“The illiterate of the 21st century will not be those who cannot read and write, but those who cannot learn, unlearn, and relearn.” –Alvin Toffler
Since the phrase ‘The Three Rs’ was first coined way back in 1825, reading, writing and arithmetic have become the cornerstone of education. However, in today’s rapidly advancing world, ‘The Three Rs’ are not enough to suitably prepare our children for success in the modern world. As we move from a manufacturing and industrial economy to a complex future of information and technology, creative thinking skills, adaptability and innovation are now top of the skill set list for many businesses, as they increasingly recognise that these are the skills that will keep companies growing and profitable.
As per the United States-based Partnership for 21st Century Skills , there are four skills required for 21st century learning. They are
- Critical thinking
Critical thinking is all about solving problems. It is objective analysis of facts to form a judgment. It empowers students to discover the truth in assertions, especially when it comes to separating fact from opinion. With critical thinking, students don’t just learn a set of facts or figures. Instead, they learn how to discover the facts and figures for themselves. They ask questions. They become engaged in the world around them.
Collaboration shows students how to work together to achieve a common goal. It is the process of two or more people or organizations working together to complete a task or achieve a goal. Whether students realize it or not, they’ll probably work with other people for the rest of their lives. Virtually every job requires someone to work with another person at some point, even if it’s for something as simple as what to get for lunch. Practicing collaboration helps students understand how to address a problem, pitch solutions, and decide the best course of action. It’s also helpful for them to learn that other people don’t always have the same ideas that they do.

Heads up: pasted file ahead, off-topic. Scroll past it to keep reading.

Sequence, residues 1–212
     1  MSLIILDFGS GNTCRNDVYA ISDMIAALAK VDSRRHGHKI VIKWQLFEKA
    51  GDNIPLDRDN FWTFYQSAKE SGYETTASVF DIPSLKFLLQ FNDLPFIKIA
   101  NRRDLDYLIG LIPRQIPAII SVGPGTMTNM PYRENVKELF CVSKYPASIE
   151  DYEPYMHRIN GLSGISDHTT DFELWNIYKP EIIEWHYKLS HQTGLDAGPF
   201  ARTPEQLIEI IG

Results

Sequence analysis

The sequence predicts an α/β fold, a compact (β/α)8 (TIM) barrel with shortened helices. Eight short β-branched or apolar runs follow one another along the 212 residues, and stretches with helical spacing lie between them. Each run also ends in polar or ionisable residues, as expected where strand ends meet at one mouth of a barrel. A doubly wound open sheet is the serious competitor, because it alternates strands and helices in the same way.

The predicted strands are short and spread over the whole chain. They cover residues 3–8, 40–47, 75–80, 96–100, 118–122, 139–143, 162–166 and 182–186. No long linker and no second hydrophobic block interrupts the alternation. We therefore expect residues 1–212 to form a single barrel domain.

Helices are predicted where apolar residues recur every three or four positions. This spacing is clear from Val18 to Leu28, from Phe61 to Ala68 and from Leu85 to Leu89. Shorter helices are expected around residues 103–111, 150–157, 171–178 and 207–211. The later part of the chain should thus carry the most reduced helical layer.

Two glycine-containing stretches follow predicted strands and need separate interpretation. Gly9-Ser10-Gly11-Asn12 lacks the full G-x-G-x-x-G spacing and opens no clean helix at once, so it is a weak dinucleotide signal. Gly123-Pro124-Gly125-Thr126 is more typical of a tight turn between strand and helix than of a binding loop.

Communication lets students learn how to best convey their ideas. It is the act of conveying meanings from one entity or group to another. Communication is often taken for granted in today’s society. In the age of text-based communications — SMS, emails, social media, etc. — it is important for students to learn how to convey their thoughts in a way that others can understand them. That’s because text-based communications lack tone, which is critical to understanding the context of someone’s words. Still, even in situations where vocal tone is available, students need to learn how to communicate effectively. That includes minimizing tangents, speaking directly to an idea, and checking other participants to make sure they’re engaged.
Creativity teaches students to think outside the box. It is a phenomenon whereby something new and somehow valuable is formed. Students can learn how to be creative by solving problems, creating systems, or just trying something they haven’t tried before. This will enable them to look at a problem from multiple perspectives — including those that others may not see. Creativity allows students to embrace their inner strengths from big-picture planning to meticulous organization.
The Four Cs have been adopted and implemented into the curricula of schools, school districts, and professional development programs. These 4 skills are important for organizations today and will become even more important in the future.
The Four C’s skills let students create a whole that’s greater than the sum of its parts. That may sound overly-generalized, and you may be right. But the skills themselves are so general that it’s difficult to pin down what, why, or how students should learn the four C’s. It’s most accurate to say that students need the four C’s for any and every reason. A focus on Four C’s is essential to prepare students for increasingly complex life and work environments in the 21st century.